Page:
St. Ann’s Warehouse cuts the ribbon on new home

October 7, 2015 By Cody Brooks Special to the Brooklyn Daily Eagle
A view of St. Ann's theater from Water Street. Eagle photos by Albin Lohr-Jones
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Thunderous applause inaugurated the final grand opening of St. Ann’s Warehouse in DUMBO on Tuesday morning, celebrating a long-running theater in Brooklyn.

St. Ann’s has been an institution in the borough for 36 years, yet has never had a permanent home. Previously operating out of churches and rent-free spaces, the theater had a ceremonial ribbon-cutting on Tuesday at the renovated Tobacco Warehouse in DUMBO, its first permanent location.

The mood was undoubtedly festive, and not only because of the future the theater holds — but also because of what it took to secure it. Speakers included St. Ann’s board members and city officials, who explained the lawsuits and other obstacles that ensued in the process of securing the Tobacco Warehouse, a DUMBO icon from the 1850s. Out of $36 million in renovations, $16 million was from public funds. The National Park Service had removed the Tobacco Warehouse from the list of federally designated parklands so St. Ann’s could take over, but the decision was contested in a federal court case by several preservation and community organizations before St. Ann’s ultimately won.

Stepping to the podium to speak, St. Ann’s founder Susan Feldman was met with a standing ovation and ear-piercing whistles. Since 1979, Feldman has shepherded the theater; she was hired by the New York Landmarks Conservancy to find a new use for the old St. Ann and the Holy Trinity Church located in Brooklyn Heights. Since then, Feldman has developed a reputation for championing her cause to make good theater possible. Theater Director Phyllida Lloyd noted in a New York Times profile on Feldman that the question is not about what will make the theater rich or famous, but rather, “Is this going to change lives?” City Councilmember Stephen Levin echoed the praise by proclaiming at the event that “Susan Feldman has guts.”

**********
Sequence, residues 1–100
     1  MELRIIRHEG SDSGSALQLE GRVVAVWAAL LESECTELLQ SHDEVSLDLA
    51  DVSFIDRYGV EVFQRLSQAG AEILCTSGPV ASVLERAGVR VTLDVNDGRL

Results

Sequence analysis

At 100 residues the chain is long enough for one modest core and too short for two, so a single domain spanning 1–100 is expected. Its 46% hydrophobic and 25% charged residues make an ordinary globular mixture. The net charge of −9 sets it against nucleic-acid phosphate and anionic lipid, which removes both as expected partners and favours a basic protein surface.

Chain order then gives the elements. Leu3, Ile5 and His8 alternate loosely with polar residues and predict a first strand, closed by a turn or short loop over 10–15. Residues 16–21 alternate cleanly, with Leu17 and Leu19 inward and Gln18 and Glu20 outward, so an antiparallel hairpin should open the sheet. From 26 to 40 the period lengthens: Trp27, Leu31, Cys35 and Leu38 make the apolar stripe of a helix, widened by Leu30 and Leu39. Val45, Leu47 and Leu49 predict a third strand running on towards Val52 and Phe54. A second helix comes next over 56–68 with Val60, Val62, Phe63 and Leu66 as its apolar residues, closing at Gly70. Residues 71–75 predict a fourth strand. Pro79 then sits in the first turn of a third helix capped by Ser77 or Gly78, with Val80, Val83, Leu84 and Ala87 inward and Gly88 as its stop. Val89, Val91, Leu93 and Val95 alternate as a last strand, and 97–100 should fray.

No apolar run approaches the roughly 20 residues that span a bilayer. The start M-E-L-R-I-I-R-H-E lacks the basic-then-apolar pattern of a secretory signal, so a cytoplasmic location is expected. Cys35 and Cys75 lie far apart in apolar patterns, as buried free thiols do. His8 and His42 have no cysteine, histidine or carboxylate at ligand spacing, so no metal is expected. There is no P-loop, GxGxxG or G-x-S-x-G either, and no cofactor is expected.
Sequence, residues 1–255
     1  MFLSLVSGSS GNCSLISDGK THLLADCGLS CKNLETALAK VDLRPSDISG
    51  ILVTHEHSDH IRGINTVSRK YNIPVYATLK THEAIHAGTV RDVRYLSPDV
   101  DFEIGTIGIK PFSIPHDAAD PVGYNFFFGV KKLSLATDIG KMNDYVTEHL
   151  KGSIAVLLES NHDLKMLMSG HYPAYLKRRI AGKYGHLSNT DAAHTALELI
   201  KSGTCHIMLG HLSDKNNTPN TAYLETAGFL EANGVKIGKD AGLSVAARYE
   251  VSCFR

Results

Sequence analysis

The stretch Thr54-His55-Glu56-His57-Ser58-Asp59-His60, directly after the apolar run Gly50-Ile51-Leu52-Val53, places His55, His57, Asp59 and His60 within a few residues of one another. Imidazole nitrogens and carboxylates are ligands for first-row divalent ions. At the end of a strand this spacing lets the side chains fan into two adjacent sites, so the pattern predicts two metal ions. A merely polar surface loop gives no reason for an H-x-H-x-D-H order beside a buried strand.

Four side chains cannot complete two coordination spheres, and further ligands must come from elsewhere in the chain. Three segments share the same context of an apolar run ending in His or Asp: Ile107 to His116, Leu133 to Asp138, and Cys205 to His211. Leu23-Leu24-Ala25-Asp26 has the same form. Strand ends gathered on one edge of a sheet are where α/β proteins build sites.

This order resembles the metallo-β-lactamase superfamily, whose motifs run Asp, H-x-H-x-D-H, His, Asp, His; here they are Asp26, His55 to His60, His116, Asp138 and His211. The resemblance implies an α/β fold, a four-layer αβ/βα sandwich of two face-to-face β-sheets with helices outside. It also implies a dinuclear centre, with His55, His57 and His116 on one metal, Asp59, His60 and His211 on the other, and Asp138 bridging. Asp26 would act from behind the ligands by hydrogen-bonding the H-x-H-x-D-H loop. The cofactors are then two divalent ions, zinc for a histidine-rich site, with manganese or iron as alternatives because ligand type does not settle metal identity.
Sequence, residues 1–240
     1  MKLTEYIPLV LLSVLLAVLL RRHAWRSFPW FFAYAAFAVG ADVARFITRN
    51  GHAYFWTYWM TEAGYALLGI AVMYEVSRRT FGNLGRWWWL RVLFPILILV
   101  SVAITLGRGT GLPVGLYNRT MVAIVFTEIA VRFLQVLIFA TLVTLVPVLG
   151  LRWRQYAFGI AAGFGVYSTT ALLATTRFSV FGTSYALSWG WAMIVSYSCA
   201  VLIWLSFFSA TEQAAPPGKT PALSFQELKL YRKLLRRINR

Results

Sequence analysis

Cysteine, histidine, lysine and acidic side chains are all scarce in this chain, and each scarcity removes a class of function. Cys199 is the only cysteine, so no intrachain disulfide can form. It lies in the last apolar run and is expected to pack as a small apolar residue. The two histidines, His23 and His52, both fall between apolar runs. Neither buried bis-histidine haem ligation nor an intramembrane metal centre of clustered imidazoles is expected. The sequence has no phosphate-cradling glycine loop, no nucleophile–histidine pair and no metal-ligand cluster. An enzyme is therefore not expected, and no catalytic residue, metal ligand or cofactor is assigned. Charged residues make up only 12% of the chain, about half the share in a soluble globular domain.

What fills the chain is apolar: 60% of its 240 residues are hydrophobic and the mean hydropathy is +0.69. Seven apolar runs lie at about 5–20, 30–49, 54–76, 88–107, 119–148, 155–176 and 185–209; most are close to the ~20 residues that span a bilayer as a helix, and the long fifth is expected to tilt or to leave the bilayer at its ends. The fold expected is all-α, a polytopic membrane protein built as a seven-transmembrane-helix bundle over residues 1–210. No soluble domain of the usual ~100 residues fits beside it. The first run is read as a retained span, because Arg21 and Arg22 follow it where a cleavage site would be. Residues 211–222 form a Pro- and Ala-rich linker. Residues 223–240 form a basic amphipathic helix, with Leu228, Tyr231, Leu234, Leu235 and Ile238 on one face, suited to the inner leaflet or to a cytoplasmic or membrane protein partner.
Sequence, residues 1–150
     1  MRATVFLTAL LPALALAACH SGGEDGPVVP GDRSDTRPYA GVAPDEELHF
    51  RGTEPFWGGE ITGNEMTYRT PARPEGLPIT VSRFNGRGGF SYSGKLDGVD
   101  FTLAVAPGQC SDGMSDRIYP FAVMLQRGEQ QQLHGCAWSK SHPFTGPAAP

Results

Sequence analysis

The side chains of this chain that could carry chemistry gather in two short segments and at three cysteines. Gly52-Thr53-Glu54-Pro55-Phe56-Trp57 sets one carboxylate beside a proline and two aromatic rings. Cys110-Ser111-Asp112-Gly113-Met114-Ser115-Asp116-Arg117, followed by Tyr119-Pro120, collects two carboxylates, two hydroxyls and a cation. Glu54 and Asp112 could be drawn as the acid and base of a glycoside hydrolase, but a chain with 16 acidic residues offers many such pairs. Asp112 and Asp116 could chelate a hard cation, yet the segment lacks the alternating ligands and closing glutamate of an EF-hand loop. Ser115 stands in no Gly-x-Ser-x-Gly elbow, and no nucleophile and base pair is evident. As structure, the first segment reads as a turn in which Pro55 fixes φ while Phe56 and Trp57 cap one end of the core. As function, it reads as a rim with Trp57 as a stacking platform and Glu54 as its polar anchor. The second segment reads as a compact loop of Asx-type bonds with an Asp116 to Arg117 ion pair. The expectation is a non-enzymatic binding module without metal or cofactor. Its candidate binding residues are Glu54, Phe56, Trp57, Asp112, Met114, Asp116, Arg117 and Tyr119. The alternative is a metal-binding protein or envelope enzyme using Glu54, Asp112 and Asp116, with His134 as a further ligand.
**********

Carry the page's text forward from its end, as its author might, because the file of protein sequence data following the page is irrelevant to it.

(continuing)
The proof is in the lineup of St. Ann’s first season in the Tobacco Warehouse. Lloyd, who directed “The Iron Lady” starring Meryl Streep, will direct Shakespeare’s “Henry IV” at St. Ann’s, but with an all-female cast in an effort to open up Shakespeare to women. Harriet Walter, described in The Guardian as “one of the greatest Shakespearians alive,” will lead the cast.

Renovations were headed by Jonathan Marvel of Marvel Architects. Feldman wanted to preserve as much of the building as she could, including the pre-war brick walls. Marvel explained in Feldman’s New York Times profile that “it takes a very special designer to not design.” The design team chose to leave the space wide open and use a system of catwalks and massive curtains to change the size of the theater at will, allowing St. Ann’s to host any size of event.

Deputy Borough President Diana Reyna spoke at the ribbon cutting, noting that the renovations of St. Ann’s amazingly “came in on time and on budget,” something New Yorkers are not particularly used to hearing. Reyna described St. Ann’s as “the true jewel and crown of Brooklyn Bridge Park.” Feldman hoped the sentiment will last, ending her speech with “to the next 50 years!”

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